The Portable Nietzsche

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Penguin, Jan 27, 1977 - Literary Collections - 704 pages
4 Reviews
The works of Friedrich Nietzsche have fascinated readers around the world ever since the publication of his first book more than a hundred years ago. As Walter Kaufmann, one of the world’s leading authorities on Nietzsche, notes in his introduction, “Few writers in any age were so full of ideas,” and few writers have been so consistently misinterpreted. The Portable Nietzsche includes Kaufmann’s definitive translations of the complete and unabridged texts of Nietzsche’s four major works: Twilight of the Idols, The Antichrist, Nietzsche Contra Wagner and Thus Spoke Zarathustra. In addition, Kaufmann brings together selections from his other books, notes, and letters, to give a full picture of Nietzsche’s development, versatility, and inexhaustibility. “In this volume, one may very conveniently have a rich review of one of the most sensitive, passionate, and misunderstood writers in Western, or any, literature.” —Newsweek

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A must read for those few

User Review  - Brama of Books - Borders

Forget what you may have heard about Nietzsche. If you truely want to have an understanding of the man and his philosophy, Kaufmann's translation is by far the best. This is also a great buy, as it ... Read full review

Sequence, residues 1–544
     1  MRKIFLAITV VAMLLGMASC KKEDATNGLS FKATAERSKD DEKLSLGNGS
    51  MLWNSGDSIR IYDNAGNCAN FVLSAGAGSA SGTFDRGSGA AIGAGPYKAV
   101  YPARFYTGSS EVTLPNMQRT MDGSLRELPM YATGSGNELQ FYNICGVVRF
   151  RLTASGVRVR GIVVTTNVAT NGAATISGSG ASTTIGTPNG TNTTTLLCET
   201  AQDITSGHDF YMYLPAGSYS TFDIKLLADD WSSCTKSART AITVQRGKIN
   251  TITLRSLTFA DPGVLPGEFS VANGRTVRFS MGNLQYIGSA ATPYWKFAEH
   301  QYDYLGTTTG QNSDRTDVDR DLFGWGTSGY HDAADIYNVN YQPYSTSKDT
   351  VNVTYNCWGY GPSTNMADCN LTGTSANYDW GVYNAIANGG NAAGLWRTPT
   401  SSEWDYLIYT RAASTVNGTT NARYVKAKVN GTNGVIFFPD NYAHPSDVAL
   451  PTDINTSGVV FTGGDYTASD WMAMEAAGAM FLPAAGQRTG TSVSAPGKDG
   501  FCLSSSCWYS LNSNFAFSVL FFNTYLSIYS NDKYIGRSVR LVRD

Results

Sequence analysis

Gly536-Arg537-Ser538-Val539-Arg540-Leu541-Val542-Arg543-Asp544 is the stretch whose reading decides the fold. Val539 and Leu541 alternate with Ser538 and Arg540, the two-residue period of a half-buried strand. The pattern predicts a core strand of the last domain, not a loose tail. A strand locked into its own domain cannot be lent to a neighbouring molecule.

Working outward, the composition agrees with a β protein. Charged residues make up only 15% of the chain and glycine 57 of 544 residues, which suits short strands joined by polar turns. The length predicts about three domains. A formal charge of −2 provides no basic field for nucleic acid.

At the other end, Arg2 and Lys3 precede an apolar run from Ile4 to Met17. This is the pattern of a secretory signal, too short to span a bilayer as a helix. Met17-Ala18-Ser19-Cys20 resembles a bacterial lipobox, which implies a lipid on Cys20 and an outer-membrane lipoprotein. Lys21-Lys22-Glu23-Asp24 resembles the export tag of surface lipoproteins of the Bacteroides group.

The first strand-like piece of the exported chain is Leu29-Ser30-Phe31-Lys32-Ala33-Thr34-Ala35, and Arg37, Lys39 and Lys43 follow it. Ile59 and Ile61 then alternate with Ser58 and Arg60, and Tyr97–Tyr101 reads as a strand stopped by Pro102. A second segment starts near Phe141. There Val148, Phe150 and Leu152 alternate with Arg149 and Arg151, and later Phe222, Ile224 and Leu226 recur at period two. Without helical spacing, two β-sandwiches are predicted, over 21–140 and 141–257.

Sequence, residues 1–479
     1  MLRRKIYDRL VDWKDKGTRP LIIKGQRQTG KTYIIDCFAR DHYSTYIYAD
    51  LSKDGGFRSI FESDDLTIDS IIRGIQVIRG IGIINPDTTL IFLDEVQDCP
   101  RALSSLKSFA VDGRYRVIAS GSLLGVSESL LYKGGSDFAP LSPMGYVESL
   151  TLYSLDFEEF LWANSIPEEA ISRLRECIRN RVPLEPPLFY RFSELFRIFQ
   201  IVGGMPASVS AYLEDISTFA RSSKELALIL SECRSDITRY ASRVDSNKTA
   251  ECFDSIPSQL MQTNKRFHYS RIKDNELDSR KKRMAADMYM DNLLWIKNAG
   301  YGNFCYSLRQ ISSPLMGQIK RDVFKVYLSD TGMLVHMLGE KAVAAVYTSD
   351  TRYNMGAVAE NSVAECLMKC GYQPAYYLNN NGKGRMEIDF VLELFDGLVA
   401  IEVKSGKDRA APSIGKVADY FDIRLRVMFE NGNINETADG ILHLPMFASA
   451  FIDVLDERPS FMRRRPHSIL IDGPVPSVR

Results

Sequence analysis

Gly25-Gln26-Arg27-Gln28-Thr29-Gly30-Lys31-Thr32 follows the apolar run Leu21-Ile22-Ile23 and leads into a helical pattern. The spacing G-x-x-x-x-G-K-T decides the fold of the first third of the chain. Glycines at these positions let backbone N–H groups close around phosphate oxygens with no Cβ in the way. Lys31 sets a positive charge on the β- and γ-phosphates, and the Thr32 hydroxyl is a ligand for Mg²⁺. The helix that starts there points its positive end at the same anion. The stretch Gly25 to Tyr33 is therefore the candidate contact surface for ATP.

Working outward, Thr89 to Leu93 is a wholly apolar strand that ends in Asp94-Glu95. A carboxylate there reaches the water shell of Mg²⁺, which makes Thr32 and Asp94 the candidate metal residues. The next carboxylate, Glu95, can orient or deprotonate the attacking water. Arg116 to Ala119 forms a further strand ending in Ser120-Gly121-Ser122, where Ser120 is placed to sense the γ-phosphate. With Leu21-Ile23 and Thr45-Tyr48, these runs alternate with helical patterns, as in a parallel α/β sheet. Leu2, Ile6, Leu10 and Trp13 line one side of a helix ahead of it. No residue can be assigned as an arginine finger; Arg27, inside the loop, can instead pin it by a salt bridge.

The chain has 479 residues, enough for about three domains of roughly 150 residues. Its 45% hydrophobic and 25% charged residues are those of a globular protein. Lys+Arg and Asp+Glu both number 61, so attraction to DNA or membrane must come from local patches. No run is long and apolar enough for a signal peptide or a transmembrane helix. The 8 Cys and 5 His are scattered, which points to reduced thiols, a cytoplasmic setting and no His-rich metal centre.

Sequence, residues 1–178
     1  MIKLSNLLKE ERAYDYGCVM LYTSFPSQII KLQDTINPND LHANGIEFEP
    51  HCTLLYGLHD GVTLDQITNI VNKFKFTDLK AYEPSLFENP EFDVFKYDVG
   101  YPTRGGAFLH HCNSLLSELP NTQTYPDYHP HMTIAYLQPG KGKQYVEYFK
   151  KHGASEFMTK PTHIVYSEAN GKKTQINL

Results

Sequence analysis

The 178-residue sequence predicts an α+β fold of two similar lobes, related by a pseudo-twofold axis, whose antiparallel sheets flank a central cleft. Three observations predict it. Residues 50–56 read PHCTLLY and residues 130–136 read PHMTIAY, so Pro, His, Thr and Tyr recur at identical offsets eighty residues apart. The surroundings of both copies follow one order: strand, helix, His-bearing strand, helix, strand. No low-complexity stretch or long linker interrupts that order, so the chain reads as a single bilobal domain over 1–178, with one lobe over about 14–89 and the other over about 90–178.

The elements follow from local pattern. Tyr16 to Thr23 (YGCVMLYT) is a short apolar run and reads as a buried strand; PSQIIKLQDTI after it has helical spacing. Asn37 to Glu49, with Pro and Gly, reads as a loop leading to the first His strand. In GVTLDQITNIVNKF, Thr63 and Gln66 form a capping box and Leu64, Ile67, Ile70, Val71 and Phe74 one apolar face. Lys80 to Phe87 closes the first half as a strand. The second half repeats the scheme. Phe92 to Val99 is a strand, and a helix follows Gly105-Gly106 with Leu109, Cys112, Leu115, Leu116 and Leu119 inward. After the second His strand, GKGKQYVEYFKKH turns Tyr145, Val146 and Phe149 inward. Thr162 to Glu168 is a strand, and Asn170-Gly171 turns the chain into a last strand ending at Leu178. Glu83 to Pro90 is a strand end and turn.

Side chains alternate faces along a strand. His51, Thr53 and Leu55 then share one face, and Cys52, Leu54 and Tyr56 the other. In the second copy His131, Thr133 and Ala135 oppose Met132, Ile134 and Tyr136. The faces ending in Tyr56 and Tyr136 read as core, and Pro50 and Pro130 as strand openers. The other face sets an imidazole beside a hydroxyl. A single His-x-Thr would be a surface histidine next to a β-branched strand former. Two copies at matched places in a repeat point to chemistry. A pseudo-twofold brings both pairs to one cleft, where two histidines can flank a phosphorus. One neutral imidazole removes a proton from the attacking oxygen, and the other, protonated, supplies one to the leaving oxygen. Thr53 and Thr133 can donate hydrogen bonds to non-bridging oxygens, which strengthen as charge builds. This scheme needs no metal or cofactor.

LibraryThing Review

User Review  - psiakrew - LibraryThing

Perhaps the most valuable part of this book is his crazed letters at the end. Read full review


Title Page
Zarathustras Speeches
Second Part
Third Part
Fourth and Last Part
NOTE 1884
NOTES 1887

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About the author (1977)

The philosopher Friedrich Nietzsche was born in Prussia in 1844. After the death of his father, a Lutheran minister, Nietzsche was raised from the age of five by his mother in a household of women. In 1869 he was appointed Professor of Classical Philology at the University of Basel, where he taught until 1879 when poor health forced him to retire. He never recovered from a nervous breakdown in 1889 and died eleven years later. Known for saying that “god is dead,” Nietzsche propounded his metaphysical construct of the superiority of the disciplined individual (superman) living in the present over traditional values derived from Christianity and its emphasis on heavenly rewards. His ideas were appropriated by the Fascists, who turned his theories into social realities that he had never intended.

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